Sound Control for Improved Outcomes in Healthcare Settings

Jan 01, 2007

Objective: The purpose of this paper is to examine how different aspects of sound-noise, speech privacy, speech intelligibility, and music-impact patient and staff outcomes in healthcare settings and the specific environmental design strategies that can be used to improve the acoustical environment of healthcare settings.

Methods: This paper provides a literature review of peer-reviewed journal articles, research reports, and books published in medicine, psychology, architecture, and acoustics publications. Keywords used to search for articles included noise in hospitals, reverberation, sleep, patient privacy, HIPAA, speech intelligibility, speech security, and music.

Key findings: Hospitals are extremely noisy, and noise levels in most hospitals far exceed recommended guidelines. The high ambient noise levels, as well as peak noise levels in hospitals, have serious impacts on patient and staff outcomes ranging from sleep loss and elevated blood pressure among patients to emotional exhaustion and burnout among staff. Poorly designed acoustical environments can pose a serious threat to patient confidentiality if private conversations between patients and staff or between staff members can be overheard by unintended listeners. At the same time, a poor acoustical environment impedes effective communication between patients and staff and between staff members by rendering speech and auditory signals less intelligible or detectable. This has serious implications for patient safety. A well-designed acoustical environment is critical in addressing these problems related to noise and communication of information. Noise levels can be effectively reduced by providing single-patient bedrooms, installing high-performance sound-absorbing acoustical ceiling tiles, and removing or reducing loud noise sources on hospital units. Also, acoustical ceiling tiles improve speech intelligibility by reducing sound reverberation and increase speech privacy by reducing sound propagation into adjoining areas. Another measure for increasing patient confidentiality is providing private rooms enclosed with walls that go up to the ceiling, thereby preventing voice travel through ceilings in spaces where private patient information is likely to be shared. A large body of research also shows that music therapy is effective in reducing anxiety and distress among patients in many different types of healthcare settings.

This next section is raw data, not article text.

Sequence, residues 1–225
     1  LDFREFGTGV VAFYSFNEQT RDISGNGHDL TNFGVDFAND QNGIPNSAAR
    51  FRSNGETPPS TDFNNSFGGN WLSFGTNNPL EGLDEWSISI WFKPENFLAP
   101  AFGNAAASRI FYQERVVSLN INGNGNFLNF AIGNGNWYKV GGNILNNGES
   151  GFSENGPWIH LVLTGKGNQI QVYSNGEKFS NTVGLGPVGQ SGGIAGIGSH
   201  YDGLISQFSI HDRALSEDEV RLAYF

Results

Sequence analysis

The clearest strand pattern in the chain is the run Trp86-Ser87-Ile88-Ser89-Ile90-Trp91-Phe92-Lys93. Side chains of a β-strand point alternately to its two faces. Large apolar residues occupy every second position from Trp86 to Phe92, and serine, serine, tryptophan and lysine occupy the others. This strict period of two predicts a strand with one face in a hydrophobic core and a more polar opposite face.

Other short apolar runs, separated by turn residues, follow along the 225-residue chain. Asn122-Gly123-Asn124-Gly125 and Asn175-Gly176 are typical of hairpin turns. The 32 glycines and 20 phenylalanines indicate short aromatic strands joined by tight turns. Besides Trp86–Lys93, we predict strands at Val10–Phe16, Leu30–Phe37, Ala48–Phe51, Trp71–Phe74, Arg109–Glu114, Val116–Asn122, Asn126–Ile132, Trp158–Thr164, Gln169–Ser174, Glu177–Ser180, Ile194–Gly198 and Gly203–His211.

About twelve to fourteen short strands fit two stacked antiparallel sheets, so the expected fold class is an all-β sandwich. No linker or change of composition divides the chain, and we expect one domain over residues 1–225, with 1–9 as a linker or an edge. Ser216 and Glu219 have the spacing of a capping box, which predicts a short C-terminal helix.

Conclusions: Sound control is critically important in healthcare settings, and different environmental design strategies have proven successful in mitigating negative effects of noise while allowing effective yet private verbal communication.

Anjali Joseph, PhD, EDAC
Roger Ulrich, PhD
Published & professionally reviewed by: 
The Center for Health Design

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